That left me in a very "down" state for about 2 weeks, and what got me over it was realizing that I had lost 10-12" in hips, waist, and chest (each) - and in thinking about the clothes I had just then donated to Good Will.
Today I am now down 135.2 lbs so far at an accurate 261.2, and I am still aiming for my goal of 200. I'm just not going to get there as soon as I wanted to.

And somewhere along the way it hit me that achieving and holding a weight of 200 (or 190 if I can, since I'm "raising my sights a bit" long term) is not a goal, it's a journey which will never end even when I finally get there. That's because after I do get there (and I will), I will still be "dieting" and working to maintain that weight and not let it "creep back up" for the rest of my life.

To "cap" on someone else's words, "Getting there" isn't just half the fun, it's also only half the battle.

So to any of you who are struggling with weight and body image, let me tell you that it IS possible, and you really can do it. Or as I have said here elsewhere, "If I can do it, ANYBODY can."

what did you do to lose those 14 pounds within that week, what were your weight loss methods? I had to have larger desks brought in too. I cried every single night of my childhood.

This is a small addendum - but it's an update that made me feel really good today....<br />
<br />
Today I had a regular 6-month appointment with my urologist (if you EVER get one really severe kidney/bladder/googley-bits infection, you get to have such checkups every 6 months for several years thereafter). While I was there, of course I underwent the usual poking and prodding, although she (my urologist is female) did try to make it a little more bearable than some other doctors I have had to use in the past.<br />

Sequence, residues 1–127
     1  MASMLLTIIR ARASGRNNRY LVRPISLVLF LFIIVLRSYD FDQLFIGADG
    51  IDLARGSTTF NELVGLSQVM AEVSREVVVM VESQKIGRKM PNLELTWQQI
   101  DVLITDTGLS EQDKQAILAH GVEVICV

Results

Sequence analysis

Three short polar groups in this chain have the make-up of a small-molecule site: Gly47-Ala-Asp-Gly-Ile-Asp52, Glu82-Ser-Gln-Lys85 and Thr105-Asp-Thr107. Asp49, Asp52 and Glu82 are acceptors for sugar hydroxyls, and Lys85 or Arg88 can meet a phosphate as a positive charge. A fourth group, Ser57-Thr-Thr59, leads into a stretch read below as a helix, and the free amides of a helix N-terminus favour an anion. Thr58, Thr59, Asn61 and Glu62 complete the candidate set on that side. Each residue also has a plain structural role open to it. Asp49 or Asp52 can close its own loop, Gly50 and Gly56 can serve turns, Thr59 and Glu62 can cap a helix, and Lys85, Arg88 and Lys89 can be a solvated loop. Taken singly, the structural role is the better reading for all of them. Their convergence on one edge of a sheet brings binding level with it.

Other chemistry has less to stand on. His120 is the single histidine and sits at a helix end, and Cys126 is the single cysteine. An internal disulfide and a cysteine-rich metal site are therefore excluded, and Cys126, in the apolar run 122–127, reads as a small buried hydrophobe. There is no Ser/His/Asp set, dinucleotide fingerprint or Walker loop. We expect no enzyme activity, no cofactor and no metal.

<br />
Anyway the subject of weight came up and she was HIGHLY complimentary of how much weight I had lost (80 pounds as of this morning). But when I said that I still had about 80 to go, she told me, "No, I don't think so. Look, I've just seen your entire body, and you don't need to lose nearly that much. Thirty, maybe, but you look really good."<br />
<br />
Now this doctor is a woman who is very attractive and who is about 15 years younger than me (and no, she's happily married and nobody was hitting on anybody.)<br />
<br />
That's the first compliment I've ever had like that in my entire life, and I loved it. It made my day, and I'm still sitting here smiling just thinging about it.<br />
<br />
Now I'm not really dreading my visit to the dermatologist in a couple of weeks when I know I'm going to have a full body check. (skin cancer runs in my family, so this is a "preventative" necessity)<br />
<br />
Wow. At this rate I might even buy a bathing suit and go swimming this summer..

Dr. Barry sears mastering the zone book.buy it..learn about glycemic index and then buy a food almanac and pick foods you like that are low glycemic.